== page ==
Promising Young Woman Forces Us to Remember What We Did to Female Pop Icons in the Early 2000s
On September 6, 2001, Britney Spears performed “I’m a Slave 4 U” at the MTV Music Video Awards while holding a gigantic albino Burmese python. It was a pop culture Moment—our girl-next-door-blonde-goddess, who was 19 at the time, dancing with a deadly snake. This was the perfect metaphor for how the early millennium felt for young women: look sexy, dance with deadly forces. But when you protest, expect people to be confused.
Six years later, Spears shaved her head during a nervous breakdown in the public eye and ended up being placed under a 5150 hold in a psychiatric hospital. To this day, Spears is under a conservatorship and has no control over her finances, medical care, or personal decisions.
Framing Britney Spears (2021), a documentary about Spears’ conservatorship struggles, was released last Friday, drawing attention to how we all pushed Spears over the edge. This film comes on the heels of another documentary about another young woman humiliated by the media in the early aughts—Paris Hilton.
This is Paris (2020) gives Hilton the opportunity to talk about how she was abused at boarding school and by men in her life. With the release of these two documentaries in close proximity to one another, it’s finally time to critically examine what was happening to young women during the early 2000s.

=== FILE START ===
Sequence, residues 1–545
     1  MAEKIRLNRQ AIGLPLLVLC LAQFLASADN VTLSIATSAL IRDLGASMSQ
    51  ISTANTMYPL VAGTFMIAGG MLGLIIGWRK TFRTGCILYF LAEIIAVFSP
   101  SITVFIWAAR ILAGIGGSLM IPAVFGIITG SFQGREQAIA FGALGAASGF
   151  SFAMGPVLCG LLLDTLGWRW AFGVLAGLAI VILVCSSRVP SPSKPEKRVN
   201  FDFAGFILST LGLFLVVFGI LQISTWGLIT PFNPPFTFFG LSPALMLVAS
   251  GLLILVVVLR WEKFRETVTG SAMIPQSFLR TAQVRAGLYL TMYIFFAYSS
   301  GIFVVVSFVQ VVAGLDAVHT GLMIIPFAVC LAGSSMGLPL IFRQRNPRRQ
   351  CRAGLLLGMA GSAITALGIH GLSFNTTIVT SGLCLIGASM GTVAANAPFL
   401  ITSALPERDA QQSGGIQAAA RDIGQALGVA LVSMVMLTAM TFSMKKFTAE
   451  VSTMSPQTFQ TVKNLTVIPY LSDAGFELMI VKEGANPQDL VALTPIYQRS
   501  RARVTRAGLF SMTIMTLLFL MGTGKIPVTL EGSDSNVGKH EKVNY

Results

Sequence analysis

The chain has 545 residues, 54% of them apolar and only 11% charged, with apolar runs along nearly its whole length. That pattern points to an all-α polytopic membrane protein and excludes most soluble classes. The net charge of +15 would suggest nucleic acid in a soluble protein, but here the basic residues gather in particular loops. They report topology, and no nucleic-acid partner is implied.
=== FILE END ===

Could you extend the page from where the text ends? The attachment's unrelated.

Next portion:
That’s where Promising Young Woman (2021) enters the picture. Emerald Fennel’s Golden Globe-nominated film about a traumatized woman unable to move past her friend’s rape and suicide doesn’t specifically name Britney Spears or Paris Hilton, but these two women exist in the movie’s margins and inform its aesthetics, soundtrack, and rape-culture narrative. An environment in which sexual violence against women is normalized and excused in media and popular culture, rape culture is inextricably linked to the egregious treatment of Spears, Hilton, and the characters of Promising Young Woman.
Behaviors associated with rape culture include slut-shaming, victim blaming, objectifying women’s bodies, sexual harassment, intimidation, coercion, using misogynistic language, denying rape happens, and committing sexual violence. In the early aughts, the concept of rape culture was not yet popularly acknowledged, and the language of shame and blame proliferated whenever a woman was perceived as doing something “untoward.”